Following Clergy Report, PA Lawmaker Proposes New Penalties For Failure To Report Abuse
Following the grand jury report on the alleged widespread clergy abuse in Pennsylvania’s Catholic Church, state lawmakers are pushing for reforms.
State Representative Scott Conklin, D-Centre, introduced two new bills on Monday, which would demand greater accountability from religious organizations.
Taking into account one of the report’s recommendations, which asks the legislature to “clarify penalties for a continuing failure to report child abuse,” Conklin’s first bill would make it a first-degree misdemeanor, or a third-degree felony, if there’s reasonable cause to believe there’s more than one victim.
“In my belief, if that individual or that organization had knowledge of it, it doesn’t matter whether it’s today or a hundred years ago,” Conklin, the Democratic chair for the House Children and Youth Committee, said in a press conference. “They’re still responsible for allowing this to go on.”
Currently, a mandated reporter is required to report suspected child abuse. Failure to do so, under varying circumstances, could result in a third-degree felony or second-degree misdemeanor.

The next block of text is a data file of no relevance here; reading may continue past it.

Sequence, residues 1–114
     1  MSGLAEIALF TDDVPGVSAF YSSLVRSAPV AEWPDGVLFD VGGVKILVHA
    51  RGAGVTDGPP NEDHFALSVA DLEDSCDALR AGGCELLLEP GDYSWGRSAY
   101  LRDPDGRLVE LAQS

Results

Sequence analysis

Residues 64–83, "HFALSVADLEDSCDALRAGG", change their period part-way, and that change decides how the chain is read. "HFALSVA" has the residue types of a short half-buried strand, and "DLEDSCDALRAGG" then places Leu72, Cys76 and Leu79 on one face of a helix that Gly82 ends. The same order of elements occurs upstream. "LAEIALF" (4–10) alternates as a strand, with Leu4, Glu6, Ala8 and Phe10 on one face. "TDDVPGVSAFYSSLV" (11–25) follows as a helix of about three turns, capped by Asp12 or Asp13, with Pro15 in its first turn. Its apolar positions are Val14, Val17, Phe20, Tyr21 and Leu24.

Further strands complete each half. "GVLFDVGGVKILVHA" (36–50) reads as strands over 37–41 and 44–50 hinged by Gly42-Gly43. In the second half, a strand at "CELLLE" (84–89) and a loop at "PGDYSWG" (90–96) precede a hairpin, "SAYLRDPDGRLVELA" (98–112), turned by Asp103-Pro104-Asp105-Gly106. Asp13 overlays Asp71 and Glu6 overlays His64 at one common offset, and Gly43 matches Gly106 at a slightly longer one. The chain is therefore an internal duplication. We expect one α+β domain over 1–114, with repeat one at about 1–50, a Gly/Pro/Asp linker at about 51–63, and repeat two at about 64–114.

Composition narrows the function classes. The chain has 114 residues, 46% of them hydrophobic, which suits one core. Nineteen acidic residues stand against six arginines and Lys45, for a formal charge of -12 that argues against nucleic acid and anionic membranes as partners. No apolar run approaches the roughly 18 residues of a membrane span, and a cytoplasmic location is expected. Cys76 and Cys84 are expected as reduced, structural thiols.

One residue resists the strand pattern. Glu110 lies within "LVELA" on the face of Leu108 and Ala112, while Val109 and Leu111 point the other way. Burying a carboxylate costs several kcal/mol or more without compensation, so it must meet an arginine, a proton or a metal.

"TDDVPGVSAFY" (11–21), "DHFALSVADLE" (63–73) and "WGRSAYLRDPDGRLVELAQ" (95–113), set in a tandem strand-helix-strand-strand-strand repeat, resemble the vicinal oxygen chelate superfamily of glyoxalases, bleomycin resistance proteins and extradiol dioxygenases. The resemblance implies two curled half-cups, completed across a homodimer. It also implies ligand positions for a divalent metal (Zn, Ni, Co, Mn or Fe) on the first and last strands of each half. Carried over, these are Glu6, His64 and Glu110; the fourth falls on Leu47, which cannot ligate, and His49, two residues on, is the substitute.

Another bill he proposes would also make religious organizations subjected to institutional sexual assault charges, similar to correctional facilities and schools.
Conklin said his intentions are not to punish the Catholic Church or any religious groups, but to ensure the safety of the children.
“Hopefully we’ll get them done this fall,” he said. “I think it’s almost unconscionable that any leadership that can call up these bills does not have these bills called up and put them into law immediately.”
He said he has not received any push-back from churches or religious organizations.
There have been other calls for reform in the legislature that have stalled.
But House Majority Leader Dave Reed, R-Indiana, promised action this fall on a proposal to eliminate the criminal statute of limitations for child sex abuse, which Rep. Mark Rozzi (D-Berks) puts forward.
Advocates also want to open up a two-year window for retroactive civil lawsuits, which some say would be unconstitutional.